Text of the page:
Family. Saturday is my brother’s 30th birthday. He’s celebrating it in Edinburgh. In a few weeks, my parents, Sanoop and I will celebrate him in London as well. I miss all three of them so much, and I’m so happy for them. They’re all thriving and happy with their lives, and knowing that is one of the main things fuelling my way of living.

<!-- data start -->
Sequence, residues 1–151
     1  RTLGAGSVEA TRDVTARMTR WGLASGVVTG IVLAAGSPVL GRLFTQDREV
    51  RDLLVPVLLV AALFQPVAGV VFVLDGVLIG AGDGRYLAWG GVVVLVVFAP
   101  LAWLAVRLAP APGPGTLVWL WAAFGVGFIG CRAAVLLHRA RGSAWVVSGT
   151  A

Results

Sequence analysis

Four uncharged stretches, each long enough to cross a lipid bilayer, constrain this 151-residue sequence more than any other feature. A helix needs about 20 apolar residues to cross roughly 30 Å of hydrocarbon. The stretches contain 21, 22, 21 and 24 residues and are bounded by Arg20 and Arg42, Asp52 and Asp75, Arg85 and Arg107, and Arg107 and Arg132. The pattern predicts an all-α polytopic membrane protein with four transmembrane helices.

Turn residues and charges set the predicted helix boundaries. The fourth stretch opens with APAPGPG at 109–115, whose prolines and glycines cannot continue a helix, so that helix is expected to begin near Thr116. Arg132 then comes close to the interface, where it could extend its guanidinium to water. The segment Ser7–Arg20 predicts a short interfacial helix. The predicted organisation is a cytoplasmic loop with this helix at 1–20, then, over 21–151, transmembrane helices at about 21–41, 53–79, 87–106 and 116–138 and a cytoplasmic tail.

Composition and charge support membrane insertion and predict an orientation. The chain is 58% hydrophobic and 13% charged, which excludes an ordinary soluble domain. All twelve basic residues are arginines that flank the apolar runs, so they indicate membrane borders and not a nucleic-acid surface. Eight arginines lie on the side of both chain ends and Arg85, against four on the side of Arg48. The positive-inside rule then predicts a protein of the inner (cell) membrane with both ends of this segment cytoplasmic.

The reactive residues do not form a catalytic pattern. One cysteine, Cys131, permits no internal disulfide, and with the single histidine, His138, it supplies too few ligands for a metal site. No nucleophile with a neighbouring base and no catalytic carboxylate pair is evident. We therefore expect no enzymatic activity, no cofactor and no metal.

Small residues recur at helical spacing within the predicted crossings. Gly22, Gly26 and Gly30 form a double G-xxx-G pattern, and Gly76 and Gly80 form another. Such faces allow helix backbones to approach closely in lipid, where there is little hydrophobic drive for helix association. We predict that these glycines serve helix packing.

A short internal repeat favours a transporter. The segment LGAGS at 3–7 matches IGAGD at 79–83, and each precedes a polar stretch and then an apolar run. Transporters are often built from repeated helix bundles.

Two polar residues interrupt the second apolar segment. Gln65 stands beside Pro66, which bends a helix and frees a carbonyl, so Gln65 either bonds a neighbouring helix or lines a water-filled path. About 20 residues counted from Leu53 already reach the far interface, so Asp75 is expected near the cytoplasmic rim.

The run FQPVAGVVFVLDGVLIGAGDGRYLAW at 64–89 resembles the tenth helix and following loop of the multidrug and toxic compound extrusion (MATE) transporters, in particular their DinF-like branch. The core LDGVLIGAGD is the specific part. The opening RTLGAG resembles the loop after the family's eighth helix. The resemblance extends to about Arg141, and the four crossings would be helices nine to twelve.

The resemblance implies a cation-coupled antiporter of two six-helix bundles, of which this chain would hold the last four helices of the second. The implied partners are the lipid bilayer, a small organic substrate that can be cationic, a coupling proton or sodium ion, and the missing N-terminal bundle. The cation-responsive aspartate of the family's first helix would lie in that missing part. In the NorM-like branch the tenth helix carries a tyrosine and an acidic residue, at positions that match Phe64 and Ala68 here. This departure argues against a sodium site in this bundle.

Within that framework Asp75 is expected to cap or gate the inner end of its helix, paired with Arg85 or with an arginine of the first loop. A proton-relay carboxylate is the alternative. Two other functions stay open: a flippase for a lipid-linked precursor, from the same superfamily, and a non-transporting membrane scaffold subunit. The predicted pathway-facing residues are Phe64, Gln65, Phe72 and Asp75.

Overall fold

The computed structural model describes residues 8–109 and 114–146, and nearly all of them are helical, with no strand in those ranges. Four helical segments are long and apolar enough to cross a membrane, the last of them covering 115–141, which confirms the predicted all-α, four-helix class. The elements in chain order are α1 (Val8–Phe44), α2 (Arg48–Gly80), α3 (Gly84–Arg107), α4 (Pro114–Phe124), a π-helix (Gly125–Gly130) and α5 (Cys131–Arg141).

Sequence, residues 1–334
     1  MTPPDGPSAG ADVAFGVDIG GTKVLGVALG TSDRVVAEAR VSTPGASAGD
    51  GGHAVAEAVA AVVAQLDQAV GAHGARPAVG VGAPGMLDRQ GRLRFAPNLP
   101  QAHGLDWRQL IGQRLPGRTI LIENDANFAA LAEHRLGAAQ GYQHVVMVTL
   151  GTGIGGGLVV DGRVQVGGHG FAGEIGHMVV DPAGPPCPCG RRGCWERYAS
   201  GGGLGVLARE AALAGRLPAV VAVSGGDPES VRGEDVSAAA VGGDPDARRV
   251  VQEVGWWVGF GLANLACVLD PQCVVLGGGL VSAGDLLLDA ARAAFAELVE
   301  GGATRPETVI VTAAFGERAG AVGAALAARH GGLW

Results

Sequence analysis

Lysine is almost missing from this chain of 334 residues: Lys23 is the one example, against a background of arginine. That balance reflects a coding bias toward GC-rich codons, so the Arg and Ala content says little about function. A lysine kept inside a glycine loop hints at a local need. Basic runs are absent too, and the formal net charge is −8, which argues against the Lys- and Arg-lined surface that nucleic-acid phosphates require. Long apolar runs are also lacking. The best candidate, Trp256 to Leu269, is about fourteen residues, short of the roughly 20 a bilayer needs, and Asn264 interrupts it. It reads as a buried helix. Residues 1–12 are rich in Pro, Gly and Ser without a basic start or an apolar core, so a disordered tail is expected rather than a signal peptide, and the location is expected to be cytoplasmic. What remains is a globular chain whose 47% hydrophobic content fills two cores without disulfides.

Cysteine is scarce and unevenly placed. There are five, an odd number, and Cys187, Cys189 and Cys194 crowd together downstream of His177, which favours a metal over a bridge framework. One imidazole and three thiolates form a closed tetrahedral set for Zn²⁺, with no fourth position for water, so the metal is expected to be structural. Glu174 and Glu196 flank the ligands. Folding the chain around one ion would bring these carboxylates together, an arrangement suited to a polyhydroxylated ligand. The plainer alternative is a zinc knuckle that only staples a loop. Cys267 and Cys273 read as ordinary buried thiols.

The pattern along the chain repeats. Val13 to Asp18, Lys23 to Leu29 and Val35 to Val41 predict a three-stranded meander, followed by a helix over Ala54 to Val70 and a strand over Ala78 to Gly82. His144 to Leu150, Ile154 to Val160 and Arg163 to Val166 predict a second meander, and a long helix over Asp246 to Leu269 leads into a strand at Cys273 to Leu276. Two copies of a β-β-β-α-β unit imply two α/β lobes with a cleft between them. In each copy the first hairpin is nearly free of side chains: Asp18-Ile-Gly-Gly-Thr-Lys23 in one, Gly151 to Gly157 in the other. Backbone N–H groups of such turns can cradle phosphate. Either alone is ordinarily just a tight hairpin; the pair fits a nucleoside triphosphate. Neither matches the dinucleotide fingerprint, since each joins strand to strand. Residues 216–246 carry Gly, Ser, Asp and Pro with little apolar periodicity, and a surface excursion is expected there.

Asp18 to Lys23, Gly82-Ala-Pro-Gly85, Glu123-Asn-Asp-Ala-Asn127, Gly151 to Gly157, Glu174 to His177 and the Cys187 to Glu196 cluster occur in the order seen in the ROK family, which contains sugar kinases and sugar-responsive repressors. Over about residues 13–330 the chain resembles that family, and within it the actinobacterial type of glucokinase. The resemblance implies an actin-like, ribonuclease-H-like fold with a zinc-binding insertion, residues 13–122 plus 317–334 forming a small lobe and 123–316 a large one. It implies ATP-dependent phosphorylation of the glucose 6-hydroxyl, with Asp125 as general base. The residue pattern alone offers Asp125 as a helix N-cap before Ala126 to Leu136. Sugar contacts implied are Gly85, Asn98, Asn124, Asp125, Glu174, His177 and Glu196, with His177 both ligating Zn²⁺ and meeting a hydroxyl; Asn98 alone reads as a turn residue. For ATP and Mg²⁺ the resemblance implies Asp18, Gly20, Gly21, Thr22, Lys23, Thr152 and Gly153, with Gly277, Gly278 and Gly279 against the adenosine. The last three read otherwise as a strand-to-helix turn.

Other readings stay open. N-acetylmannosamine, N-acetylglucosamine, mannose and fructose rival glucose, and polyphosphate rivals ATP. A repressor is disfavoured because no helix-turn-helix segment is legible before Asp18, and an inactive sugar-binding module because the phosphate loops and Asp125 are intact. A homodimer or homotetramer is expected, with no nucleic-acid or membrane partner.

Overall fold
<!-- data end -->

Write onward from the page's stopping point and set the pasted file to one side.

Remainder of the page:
India’s fastest-growing metropolis, known as Garden City for its parks and lush landscapes, is home to 400 of the Fortune 500 companies yet maintains its rich history and traditions. Alongside technology and industry, the third most populated Indian city boasts a thriving dining culture, high-quality silks, arts and theatre — and beautiful weather. I arrive after 24 hours of travel, at around 2am. Security pick me up from the airport and drive me to the glitzy Ritz, where sweet people swiftly check me in and walk me to my room on the 14th floor. I thank them, close the door and call my brother, whose birthday weekend is coming to an end, call Sanoop, who is enjoying a chilled afternoon in New York, and message my parents, who’ve long gone to bed, in that order. I then splash some cold water on my face, brush my teeth, debate whether to shower or not, decide against it, and go to bed, trying to sleep and prepare mentally for a new work week in a very different environment, and all I can hear and dream of is standing on the corner of Canal and Bowery. My mind is 99% full of spring vibes in New York City with my baby, and I was so teary on our video call, haha. 1% full of excitement for the week ahead. I know that all I need is sleep, and that everything will feel right in the morning. Sanoop sends me this, saying that it reminded him of me, Linda Kohanov notes in her book, Power of the Herd: A Nonpredatory Approach to Social Intelligence, Leadership, and Innovation that, ‘No matter what happens, horses exhibit exceptional emotional agility: they experience each moment openly and authentically, blazing through fear, power, pain, excitement, loss, playfulness, and unmitigated joy. And then they go back to grazing, spending a significant portion of each day milling languidly about in a state of deep peace that arises naturally when you’re not afraid of life.’